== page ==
So, you've just gotten a great new job that requires you to move halfway across the country -- say, to Cincinnati. You make all your arrangements, pack your things up in a moving truck and make your way toward your new home. You can't take your house with you, obviously, so the first thing you have to do is arrange for a new place to live. Lots of people have suffered through similar scenarios, and lived to tell the tale.
But imagine if your new base of operations were on the moon. No houses there -- yet -- plus, you're getting charged an exorbitant amount for every single cubic centimeter of stuff you want to bring along. You can't bring along your grandmother's credenza, of course, but you really can't bring a house with you -- or even the materials to build one!
It's always been assumed that one of the first steps in the exploration of space would be to build structures, like the International Space Station and a future moon base, to safely shelter us once we get there. But in order to build on the moon, we have to work with what's there.
When you build or remodel a house on Earth, a major ingredient is concrete -- a mixture of crushed-up rocks, sticky soil or clay used to cement the mixture, and a solvent (usually water) to bind it all together. In this article, we'll look at the history and recipe for the lunar equivalent: lunarcrete.
The Ingredients of Lunarcrete
Lunarcrete was first proposed in 1985, by the University of Pittsburgh's Larry Beyer. Sometimes called "mooncrete," its basic ingredients aren't much different from what we use in Earth-bound concrete: a solvent, the crushed-up aggregate and the sticky cement. The question, then, is what can be used for those three ingredients, since it's cost-prohibitive to transport them to the lunar surface?
The bulky part of concrete, the aggregate, can be made of the top layer of lunar soil, called "regolith." It's similar to what we use on Earth, although unlike our soil, it doesn't contain anything organic. The moon's regolith layer was created over billions of years by meteoroids of all sizes bombarding the surface, and sometimes crushing what was already there.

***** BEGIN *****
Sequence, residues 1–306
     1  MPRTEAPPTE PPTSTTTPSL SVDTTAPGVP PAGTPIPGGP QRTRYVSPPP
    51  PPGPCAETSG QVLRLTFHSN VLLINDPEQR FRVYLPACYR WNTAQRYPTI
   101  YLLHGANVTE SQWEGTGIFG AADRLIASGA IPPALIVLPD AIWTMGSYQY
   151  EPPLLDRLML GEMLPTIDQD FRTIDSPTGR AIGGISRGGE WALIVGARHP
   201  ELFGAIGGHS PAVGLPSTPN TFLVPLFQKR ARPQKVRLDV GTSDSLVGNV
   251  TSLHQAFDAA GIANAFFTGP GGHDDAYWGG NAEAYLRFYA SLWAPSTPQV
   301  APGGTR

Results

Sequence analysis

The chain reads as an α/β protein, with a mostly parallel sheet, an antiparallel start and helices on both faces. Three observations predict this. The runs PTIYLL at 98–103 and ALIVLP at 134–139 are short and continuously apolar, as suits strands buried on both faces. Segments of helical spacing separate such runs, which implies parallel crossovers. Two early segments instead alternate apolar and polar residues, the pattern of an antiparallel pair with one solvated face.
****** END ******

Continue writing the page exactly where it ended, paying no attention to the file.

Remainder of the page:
About 4 to 6 meters (13 to 20 feet) under the regolith, you find regular moon rock, similar to our bedrock layer [source: Wilcox, et al]. We can use high-calcium deposits here for the cementing part of the mix. But what about the solvent? The moon is a pretty dry place.
The Question of Water
While the moon has both water and ice, it's also possible to create water by getting hydrogen from the soil and combining it with oxygen. Voila! Lunarcrete solvent. But not so fast. Some of the most exciting (and seemingly bizarre) approaches to lunarcrete composition propose using solvents other than water -- some of which would even perform better on the moon than they would here, which is what makes them such interesting discoveries.
A project in 2008 -- cooperatively developed by the University of Alabama's Houssam Toutanji and Richard Grugel, from the Marshall Space Flight Center -- showed that by combining a lunarcrete mixture with silica, you could use heated sulfur as a binding agent [source: Grugel and Toutanji]. We use water because of its evaporative and molecular properties, and Toutanji and Grugel found that cooling sulfur worked to bind the lunarcrete in a similar way.
It's important to explore alternative solvent avenues because in the vacuum of space, the water would just evaporate and wouldn't bind the mixture at all. Some teams are developing new ways of injecting water into the recipe -- with steam, for example -- while others are working on ways to blend the mixture under pressure.
Improving on the Original